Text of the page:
It has been hypothesized that the expanded TILs of new clone types were recruited from sites outside of the tumor, such as lymphatic tissues or the tumor periphery. The researchers further found that 41% of TIL TRB clonotypes were detected in the blood samples of five patients through bulk TCR-seq analysis. At the same time, the proportion of exhausted T cells with new clonotypes found in the peripheral blood increased from 11.8% to 35.5% following PD-1 treatment. Additionally, in the scRNA-seq and scTCR-seq profiles of squamous cell carcinoma (SCC) tissues, similar patterns of clonal substitution of exhausted CD8+ T cells were observed. This finding suggests that the phenomenon of clonal replacement might be universal and may occur in different cancer types following anti-PD-1 treatment.
Previous studies have proposed that T cell dysfunction or exhaustion plays an important role in immunosuppression in tumor-bearing patients and can serve as a potential target for immunotherapies.5,6 However, the underlying changes in TILs, especially in exhausted T cells, are unknown. This study provides new insights into the clonal replacement of TILs in response to ICBs, which frequently results in the replacement of exhausted CD8+ T cells by novel clones that are potentially derived from the peripheral blood. This observation could be helpful for predicting the response of tumors to PD-1 blockade and for optimizing the design of checkpoint blockade immunotherapies. More efforts are needed to determine the specific origin and actual function of the novel T cell clones in the microenvironment and in clinical response. The potential mechanisms of clonal replacement in the tumor microenvironment are also worthy of investigation. Thus, future immunotherapies could focus on improving the intrinsic ability of tumors to attract more novel T cells from distant sites to boost the local antitumor immune responses. Another interesting topic that should be investigated is whether this phenomenon can be observed in other immune checkpoint therapies, such as cytotoxic T lymphocyte-associated antigen-4 (CTLA-4) blockade.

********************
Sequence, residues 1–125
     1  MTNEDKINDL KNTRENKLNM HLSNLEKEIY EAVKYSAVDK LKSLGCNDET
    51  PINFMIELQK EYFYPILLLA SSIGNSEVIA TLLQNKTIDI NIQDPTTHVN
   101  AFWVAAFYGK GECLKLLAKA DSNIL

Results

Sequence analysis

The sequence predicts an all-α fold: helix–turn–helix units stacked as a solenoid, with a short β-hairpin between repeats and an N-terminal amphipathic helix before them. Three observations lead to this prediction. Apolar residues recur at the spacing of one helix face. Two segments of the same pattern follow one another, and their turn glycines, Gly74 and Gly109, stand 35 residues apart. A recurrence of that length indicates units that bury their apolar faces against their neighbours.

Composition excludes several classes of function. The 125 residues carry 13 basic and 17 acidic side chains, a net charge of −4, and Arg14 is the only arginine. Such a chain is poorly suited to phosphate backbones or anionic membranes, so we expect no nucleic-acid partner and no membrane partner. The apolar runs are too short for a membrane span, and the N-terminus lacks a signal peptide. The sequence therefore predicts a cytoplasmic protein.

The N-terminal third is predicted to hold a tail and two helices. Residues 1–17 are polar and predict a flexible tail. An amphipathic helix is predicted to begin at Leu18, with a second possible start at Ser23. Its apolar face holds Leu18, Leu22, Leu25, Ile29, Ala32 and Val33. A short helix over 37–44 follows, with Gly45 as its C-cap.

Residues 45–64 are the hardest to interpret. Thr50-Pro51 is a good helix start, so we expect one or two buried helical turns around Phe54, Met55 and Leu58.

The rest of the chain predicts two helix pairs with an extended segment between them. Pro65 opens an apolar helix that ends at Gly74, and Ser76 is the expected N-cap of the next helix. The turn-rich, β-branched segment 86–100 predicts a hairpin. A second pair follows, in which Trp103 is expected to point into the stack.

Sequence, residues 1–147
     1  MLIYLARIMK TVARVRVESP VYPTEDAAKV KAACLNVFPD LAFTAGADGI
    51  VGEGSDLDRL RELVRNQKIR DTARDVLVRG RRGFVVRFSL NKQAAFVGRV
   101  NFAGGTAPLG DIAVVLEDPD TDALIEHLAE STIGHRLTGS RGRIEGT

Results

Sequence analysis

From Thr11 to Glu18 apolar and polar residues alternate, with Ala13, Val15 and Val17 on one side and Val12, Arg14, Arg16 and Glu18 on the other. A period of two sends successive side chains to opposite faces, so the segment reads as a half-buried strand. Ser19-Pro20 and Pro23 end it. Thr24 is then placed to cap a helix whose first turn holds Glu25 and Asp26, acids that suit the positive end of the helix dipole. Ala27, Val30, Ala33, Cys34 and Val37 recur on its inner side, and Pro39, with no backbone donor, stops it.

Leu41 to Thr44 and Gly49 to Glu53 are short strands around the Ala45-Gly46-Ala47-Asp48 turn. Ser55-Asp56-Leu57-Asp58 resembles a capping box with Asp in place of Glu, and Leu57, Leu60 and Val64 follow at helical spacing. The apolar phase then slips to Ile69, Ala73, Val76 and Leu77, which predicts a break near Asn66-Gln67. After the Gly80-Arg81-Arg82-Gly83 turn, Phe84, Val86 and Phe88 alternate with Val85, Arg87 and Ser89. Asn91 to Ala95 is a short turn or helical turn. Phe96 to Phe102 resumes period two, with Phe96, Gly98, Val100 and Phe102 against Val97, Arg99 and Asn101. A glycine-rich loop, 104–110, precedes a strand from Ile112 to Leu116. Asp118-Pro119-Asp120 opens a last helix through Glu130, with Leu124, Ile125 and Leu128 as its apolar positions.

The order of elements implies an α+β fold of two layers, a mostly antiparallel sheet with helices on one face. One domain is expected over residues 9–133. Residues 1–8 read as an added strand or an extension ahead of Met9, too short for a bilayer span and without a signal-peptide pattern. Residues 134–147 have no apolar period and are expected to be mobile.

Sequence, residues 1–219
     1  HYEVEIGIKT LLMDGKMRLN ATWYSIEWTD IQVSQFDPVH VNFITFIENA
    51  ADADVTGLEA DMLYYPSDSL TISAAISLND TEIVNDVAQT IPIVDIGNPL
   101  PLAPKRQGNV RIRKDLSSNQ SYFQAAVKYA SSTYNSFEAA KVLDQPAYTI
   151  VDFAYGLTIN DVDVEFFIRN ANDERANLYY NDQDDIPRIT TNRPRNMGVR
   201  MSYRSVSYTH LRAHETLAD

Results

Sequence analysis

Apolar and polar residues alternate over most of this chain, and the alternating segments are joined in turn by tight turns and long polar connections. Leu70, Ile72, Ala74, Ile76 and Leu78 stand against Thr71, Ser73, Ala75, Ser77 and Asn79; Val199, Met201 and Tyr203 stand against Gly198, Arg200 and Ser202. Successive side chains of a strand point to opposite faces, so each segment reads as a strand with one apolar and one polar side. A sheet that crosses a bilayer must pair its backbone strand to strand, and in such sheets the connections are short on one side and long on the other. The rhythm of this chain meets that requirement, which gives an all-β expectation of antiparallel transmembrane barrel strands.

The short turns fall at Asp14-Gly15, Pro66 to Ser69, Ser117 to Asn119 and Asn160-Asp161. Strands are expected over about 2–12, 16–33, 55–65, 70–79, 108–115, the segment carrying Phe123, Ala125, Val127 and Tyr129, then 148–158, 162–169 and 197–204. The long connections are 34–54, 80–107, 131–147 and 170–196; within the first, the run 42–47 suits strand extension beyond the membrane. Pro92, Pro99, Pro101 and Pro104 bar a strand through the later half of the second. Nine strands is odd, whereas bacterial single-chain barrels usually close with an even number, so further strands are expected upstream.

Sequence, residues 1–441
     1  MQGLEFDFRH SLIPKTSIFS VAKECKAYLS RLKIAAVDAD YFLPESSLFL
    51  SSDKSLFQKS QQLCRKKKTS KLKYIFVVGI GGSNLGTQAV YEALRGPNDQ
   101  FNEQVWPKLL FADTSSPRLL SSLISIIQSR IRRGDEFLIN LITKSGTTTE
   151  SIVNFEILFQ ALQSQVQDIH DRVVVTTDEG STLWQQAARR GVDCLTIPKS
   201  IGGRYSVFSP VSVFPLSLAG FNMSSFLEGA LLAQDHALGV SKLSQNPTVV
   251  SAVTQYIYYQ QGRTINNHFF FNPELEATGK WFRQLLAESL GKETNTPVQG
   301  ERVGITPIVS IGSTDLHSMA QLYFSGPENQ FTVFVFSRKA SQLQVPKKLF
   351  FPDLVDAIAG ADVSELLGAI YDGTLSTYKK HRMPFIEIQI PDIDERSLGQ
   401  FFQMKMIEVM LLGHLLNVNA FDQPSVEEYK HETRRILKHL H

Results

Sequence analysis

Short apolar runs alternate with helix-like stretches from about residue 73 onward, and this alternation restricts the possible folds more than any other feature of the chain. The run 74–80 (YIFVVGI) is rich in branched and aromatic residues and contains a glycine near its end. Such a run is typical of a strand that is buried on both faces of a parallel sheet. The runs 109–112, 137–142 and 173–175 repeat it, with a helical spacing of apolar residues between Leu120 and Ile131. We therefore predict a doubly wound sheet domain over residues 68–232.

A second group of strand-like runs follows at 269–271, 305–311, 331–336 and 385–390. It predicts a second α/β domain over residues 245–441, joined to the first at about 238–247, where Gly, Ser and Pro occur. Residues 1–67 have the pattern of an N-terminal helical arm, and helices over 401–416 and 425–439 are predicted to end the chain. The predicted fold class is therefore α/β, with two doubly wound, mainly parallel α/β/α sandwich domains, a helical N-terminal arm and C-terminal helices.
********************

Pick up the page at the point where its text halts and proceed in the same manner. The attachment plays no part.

Yost, K. E. et al. Clonal replacement of tumor-specific T cells following PD-1 blockade. Nat. Med. 25, 1251–1259 (2019).
Simoni, Y. et al. Bystander CD8(+) T cells are abundant and phenotypically distinct in human tumour infiltrates. Nature 557, 575–579 (2018).
Scheper, W. et al. Low and variable tumor reactivity of the intratumoral TCR repertoire in human cancers. Nat. Med. 25, 89–94 (2019).
Duhen, T. et al. Co-expression of CD39 and CD103 identifies tumor-reactive CD8 T cells in human solid tumors. Nat. Commun. 9, 2724–2736 (2018).
Wherry, E. J. & Kurachi, M. Molecular and cellular insights into T cell exhaustion. Nat. Rev. Immunol. 15, 486–499 (2015).
Sakuishi, K. et al. Targeting Tim-3 and PD-1 pathways to reverse T cell exhaustion and restore anti-tumor immunity. J. Exp. Med. 207, 2187–2194 (2010).
This work was supported by the National Major Scientific and Technological Special Project for “Significant New Drugs Development” (No. 2018ZX09733001).
The authors declare no competing interests.
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Li, X., Wang, M. & Xiang, R. Clonal replacement of novel T cells: a new phenomenon in the tumor microenvironment following PD-1 blockade. Sig Transduct Target Ther 4, 43 (2019). https://doi.org/10.1038/s41392-019-0077-2